Overview: Google Cloud Composer
A fully managed workflow orchestration service built on Apache Airflow.
How to Use?
Fully managed workflow orchestration
Cloud Composer’s managed nature and Apache Airflow compatibility allows you to focus on authoring, scheduling, and monitoring your workflows as opposed to provisioning resources.
Integrates with other Google Cloud products
End-to-end integration with Google Cloud products including BigQuery, Dataflow, Dataproc, Datastore, Cloud Storage, Pub/Sub, and AI Platform gives users the freedom to fully orchestrate their pipeline.
Supports hybrid and multi-cloud
Author, schedule, and monitor your workflows through a single orchestration tool—whether your pipeline lives on-premises, in multiple clouds, or fully within Google Cloud.
Hybrid and multi-cloud
Ease your transition to the cloud or maintain a hybrid data environment by orchestrating workflows that cross between on-premises and the public cloud. Create workflows that connect data, processing, and services across clouds to give you a unified data environment.
Cloud Composer is built upon Apache Airflow, giving users freedom from lock-in and portability. This open source project, which Google is contributing back into, provides freedom from lock-in for customers as well as integration with a broad number of platforms, which will only expand as the Airflow community grows.
Cloud Composer pipelines are configured as directed acyclic graphs (DAGs) using Python, making it easy for any user. One-click deployment yields instant access to a rich library of connectors and multiple graphical representations of your workflow in action, making troubleshooting easy. Automatic synchronization of your directed acyclic graphs ensures your jobs stay on schedule.
Why use Cloud Composer?
Cloud Composer is a fully managed workflow orchestration service, enabling you to create workflows that span across clouds and on-premises data centers. Built on the popular Apache Airflow open source project and operated using the Python programming language, Cloud Composer is free from lock-in and easy to use. By using Cloud Composer instead of a local instance of Apache Airflow, users can benefit from the best of Airflow with no installation or management overhead.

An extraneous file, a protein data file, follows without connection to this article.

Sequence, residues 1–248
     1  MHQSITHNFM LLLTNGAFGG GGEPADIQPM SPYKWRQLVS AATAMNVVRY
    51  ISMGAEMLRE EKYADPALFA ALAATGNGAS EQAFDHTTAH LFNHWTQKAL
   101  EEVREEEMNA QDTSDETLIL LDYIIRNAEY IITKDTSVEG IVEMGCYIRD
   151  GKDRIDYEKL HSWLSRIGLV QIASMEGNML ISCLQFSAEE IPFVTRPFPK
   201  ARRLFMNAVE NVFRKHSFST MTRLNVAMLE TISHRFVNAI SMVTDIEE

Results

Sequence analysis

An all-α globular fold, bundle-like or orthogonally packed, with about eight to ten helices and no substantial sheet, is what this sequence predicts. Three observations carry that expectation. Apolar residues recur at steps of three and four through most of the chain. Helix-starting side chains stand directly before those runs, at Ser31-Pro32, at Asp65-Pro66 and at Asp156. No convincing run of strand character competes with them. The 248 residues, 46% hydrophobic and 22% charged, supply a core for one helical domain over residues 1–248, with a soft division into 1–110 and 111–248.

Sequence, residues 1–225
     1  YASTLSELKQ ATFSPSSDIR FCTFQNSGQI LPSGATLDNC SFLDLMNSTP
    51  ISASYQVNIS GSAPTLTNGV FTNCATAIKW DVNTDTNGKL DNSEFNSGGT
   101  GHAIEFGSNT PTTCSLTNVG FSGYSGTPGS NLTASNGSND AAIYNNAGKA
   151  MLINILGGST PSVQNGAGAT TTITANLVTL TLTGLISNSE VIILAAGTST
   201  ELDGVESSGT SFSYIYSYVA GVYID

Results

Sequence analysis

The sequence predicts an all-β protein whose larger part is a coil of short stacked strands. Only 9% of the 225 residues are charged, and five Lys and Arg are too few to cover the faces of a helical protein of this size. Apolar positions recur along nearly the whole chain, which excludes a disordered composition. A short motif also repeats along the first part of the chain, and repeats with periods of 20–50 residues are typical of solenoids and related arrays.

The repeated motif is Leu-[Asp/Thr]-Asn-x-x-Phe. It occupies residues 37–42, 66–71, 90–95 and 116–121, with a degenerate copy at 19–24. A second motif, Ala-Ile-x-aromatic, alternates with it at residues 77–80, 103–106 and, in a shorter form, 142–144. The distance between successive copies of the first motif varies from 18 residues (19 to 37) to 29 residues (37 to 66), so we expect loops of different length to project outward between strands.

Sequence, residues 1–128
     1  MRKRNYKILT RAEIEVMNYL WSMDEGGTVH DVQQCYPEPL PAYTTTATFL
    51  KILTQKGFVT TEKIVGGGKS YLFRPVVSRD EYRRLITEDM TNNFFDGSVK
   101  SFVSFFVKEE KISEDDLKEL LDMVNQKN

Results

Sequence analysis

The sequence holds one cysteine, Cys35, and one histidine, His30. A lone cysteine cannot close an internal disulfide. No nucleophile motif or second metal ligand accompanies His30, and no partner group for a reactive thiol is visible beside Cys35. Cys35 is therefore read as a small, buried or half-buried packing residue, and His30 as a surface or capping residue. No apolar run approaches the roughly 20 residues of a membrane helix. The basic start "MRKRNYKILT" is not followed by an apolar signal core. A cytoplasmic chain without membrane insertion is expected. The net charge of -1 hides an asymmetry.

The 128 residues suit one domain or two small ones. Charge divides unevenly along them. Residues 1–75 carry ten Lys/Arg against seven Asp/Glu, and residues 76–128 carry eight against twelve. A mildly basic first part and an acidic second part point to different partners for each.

Workflows, DAGs, and tasks
In data analytics, a workflow represents a series of tasks for ingesting, transforming, analyzing, or utilizing data. In Airflow, workflows are created using DAGs, or “Directed Acyclic Graphs”.
A DAG is a collection of tasks that you want to schedule and run, organized in a way that reflects their relationships and dependencies. DAGs are created in Python scripts, which define the DAG structure (tasks and their dependencies) using code.
Each task in a DAG can represent almost anything—for example, one task might perform any of the following functions:
- Preparing data for ingestion
- Monitoring an API
- Sending an email
- Running a pipeline
A DAG shouldn’t be concerned with the function of each constituent task—its purpose is to ensure that each task is executed at the right time, in the right order, or with the right issue handling.
For more information on DAGs and tasks, see the Apache Airflow documentation.
To run workflows, you first need to create an environment. Airflow depends on many micro-services to run, so Cloud Composer provisions Google Cloud components to run your workflows. These components are collectively known as a Cloud Composer environment.
Environments are self-contained Airflow deployments based on Google Kubernetes Engine, and they work with other Google Cloud services using connectors built into Airflow. You can create one or more environments in a single Google Cloud project. You can create Cloud Composer environments in any supported region.
For an in-depth look at the components of an environment, see Cloud Composer environment architecture.